Shortly thereafter, the Biggs family of five (Melvin was born in Fort Worth in 1920) moved again, to Topeka, Kansas. Anita entered Washburn College, Topeka's municipal school, from which she graduated in 1925 at the ripe old age of 18: She majored in Mathematics and minored in French. I don't know whether she set any academic records at Washburn, or even whether Washburn had a Phi Beta Kappa chapter.


Anita never pursued any higher degrees, but she certainly had a lifelong zest for learn~-. I can recall her and the Old Man taking courses at FSU in Tallahassee in the early 1950s, just a year or so before her death. I remember their Spanish class especially, where they received the only As out of twenty or twenty-five students. She also spent untold hours trying to help each of her children fathom the murky depths of Latin con­jugations, declensions, etc.


Anita had great musical talent, especially with the piano. Grandma (her mother) sometimes alleged that she gave up a budding career as a concert pianist to marry the Old Man. I'm sure that this is a gross exaggeration, but she did play very well, and patiently tried to teach all five of us to do the same. The latter was a frustrating experience for both her and the child. She had mild success with Nancy, who stuck with the piano for a year or two. When she saw that the piano was a lost cause, she encouraged other musical instruments (trumpet, sax, drums, etc.), again without notable success. During our years in New Jersey, one of her great pleasures was trekking into New York City once a month for a symphony concert.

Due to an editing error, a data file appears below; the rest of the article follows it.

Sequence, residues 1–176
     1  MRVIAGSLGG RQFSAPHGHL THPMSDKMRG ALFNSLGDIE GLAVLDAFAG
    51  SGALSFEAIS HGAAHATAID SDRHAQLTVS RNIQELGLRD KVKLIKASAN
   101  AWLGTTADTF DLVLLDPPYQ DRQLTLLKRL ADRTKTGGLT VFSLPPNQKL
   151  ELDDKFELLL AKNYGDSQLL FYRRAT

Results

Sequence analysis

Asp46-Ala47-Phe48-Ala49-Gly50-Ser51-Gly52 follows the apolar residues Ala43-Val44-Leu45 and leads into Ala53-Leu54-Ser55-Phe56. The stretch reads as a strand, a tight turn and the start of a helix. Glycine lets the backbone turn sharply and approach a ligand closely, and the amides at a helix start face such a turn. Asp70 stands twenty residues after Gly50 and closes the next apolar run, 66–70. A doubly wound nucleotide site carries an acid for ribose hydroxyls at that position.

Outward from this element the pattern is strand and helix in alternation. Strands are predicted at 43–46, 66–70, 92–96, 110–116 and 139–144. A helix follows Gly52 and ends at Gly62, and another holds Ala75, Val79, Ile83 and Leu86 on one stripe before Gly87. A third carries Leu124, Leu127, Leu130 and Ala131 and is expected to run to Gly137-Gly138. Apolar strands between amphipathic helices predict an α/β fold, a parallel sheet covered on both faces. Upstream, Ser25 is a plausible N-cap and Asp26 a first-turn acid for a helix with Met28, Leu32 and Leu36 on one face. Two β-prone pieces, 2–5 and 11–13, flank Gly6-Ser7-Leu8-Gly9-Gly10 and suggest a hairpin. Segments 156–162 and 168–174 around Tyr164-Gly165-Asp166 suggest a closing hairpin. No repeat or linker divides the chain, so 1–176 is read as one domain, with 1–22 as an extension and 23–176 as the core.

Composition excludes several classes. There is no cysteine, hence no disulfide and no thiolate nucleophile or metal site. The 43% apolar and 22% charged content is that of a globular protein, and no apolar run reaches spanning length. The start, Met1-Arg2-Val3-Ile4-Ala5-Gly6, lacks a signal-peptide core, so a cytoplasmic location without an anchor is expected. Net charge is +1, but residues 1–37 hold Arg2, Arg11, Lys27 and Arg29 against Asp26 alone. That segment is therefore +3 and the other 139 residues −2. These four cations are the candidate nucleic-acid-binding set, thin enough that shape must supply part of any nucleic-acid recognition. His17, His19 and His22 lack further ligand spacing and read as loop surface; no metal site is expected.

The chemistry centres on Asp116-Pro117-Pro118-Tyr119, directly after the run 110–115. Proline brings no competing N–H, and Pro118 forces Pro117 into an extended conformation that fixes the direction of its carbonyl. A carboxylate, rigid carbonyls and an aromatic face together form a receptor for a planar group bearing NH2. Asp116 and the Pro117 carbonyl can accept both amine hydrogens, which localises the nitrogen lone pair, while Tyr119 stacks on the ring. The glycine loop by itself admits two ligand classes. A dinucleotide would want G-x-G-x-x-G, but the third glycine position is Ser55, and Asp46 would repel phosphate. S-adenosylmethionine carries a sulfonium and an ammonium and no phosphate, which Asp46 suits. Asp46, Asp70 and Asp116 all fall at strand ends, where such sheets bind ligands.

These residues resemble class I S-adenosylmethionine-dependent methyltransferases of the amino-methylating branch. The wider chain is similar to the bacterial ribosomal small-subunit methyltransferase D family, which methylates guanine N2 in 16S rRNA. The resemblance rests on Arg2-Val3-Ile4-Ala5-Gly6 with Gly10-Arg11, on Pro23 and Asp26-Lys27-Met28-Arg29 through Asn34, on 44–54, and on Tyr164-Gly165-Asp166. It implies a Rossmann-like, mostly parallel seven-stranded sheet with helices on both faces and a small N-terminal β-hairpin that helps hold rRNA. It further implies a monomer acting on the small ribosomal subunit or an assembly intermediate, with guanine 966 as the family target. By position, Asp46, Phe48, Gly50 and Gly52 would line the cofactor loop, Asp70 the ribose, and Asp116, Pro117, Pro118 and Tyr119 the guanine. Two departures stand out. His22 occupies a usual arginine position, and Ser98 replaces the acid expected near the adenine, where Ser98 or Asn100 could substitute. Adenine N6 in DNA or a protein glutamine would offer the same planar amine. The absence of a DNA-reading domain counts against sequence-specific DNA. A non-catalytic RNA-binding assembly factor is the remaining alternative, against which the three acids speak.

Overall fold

In summer 1925, the Biggs family moved to Zanesville, Ohio for another church. Portia and Anita, now college graduates, were still with their parents. Anita taught high school in Kirkersville, a village west of Zanesville, for the 1925-26 school year, at a salary of $1,800. She never told her students that some of the Ohio farm boys in her class were older than she was: I believe that Portia was also teaching school at this time.


Sometime in late 1926 or 1927, Portia and Anita left Zanesville for the excitement of New York City. There, among other jobs, Anita played the piano in a silent movie theater and taught piano to children. She met the Old Man in New York, at a time when he was a struggling young lawyer with a large Wall Street firm. They were married on 27 July 1929; Portia and Walter Hahn had married a couple of months before. Both weddings were small, performed by J. Quincy Biggs in Tonawanda, New York (near Buffalo), where J.Q. then had a church.


At this point, I'll leave the Anita Biggs Ream story. There's so much more to be told; I haven't even mentioned her special warm, sweet personality. I hope each of her grandchildren will continue to learn more about this extra­ordinary person---while there still are a few of us old fogies around to tell you about her:


Thanks again to Margaret for her thoughtfulness and efforts in making this photo available. If you would like more copies, perhaps of a different size, don't forget that I have the negative.